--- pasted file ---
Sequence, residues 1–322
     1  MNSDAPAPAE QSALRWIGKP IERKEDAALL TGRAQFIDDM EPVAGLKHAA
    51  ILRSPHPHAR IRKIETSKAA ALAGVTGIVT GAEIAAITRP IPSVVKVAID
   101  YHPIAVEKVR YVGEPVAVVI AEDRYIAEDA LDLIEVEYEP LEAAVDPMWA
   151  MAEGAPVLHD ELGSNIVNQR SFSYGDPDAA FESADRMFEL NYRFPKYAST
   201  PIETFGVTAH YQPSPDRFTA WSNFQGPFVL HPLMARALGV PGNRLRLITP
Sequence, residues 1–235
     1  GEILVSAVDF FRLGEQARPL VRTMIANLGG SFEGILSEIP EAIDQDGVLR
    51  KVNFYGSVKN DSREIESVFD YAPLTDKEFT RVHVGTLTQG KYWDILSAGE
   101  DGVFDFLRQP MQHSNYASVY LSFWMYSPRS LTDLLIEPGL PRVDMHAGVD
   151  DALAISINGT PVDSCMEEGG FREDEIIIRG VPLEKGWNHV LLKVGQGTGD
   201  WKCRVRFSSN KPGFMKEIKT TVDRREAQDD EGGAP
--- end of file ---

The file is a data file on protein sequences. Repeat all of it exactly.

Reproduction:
Sequence, residues 1–322
     1  MNSDAPAPAE QSALRWIGKP IERKEDAALL TGRAQFIDDM EPVAGLKHAA
    51  ILRSPHPHAR IRKIETSKAA ALAGVTGIVT GAEIAAITRP IPSVVKVAID
   101  YHPIAVEKVR YVGEPVAVVI AEDRYIAEDA LDLIEVEYEP LEAAVDPMWA
   151  MAEGAPVLHD ELGSNIVNQR SFSYGDPDAA FESADRMFEL NYRFPKYAST
   201  PIETFGVTAH YQPSPDRFTA WSNFQGPFVL HPLMARALGV PGNRLRLITP
Sequence, residues 1–235
     1  GEILVSAVDF FRLGEQARPL VRTMIANLGG SFEGILSEIP EAIDQDGVLR
    51  KVNFYGSVKN DSREIESVFD YAPLTDKEFT RVHVGTLTQG KYWDILSAGE
   101  DGVFDFLRQP MQHSNYASVY LSFWMYSPRS LTDLLIEPGL PRVDMHAGVD
   151  DALAISINGT PVDSCMEEGG FREDEIIIRG VPLEKGWNHV LLKVGQGTGD
   201  WKCRVRFSSN KPGFMKEIKT TVDRREAQDD EGGAP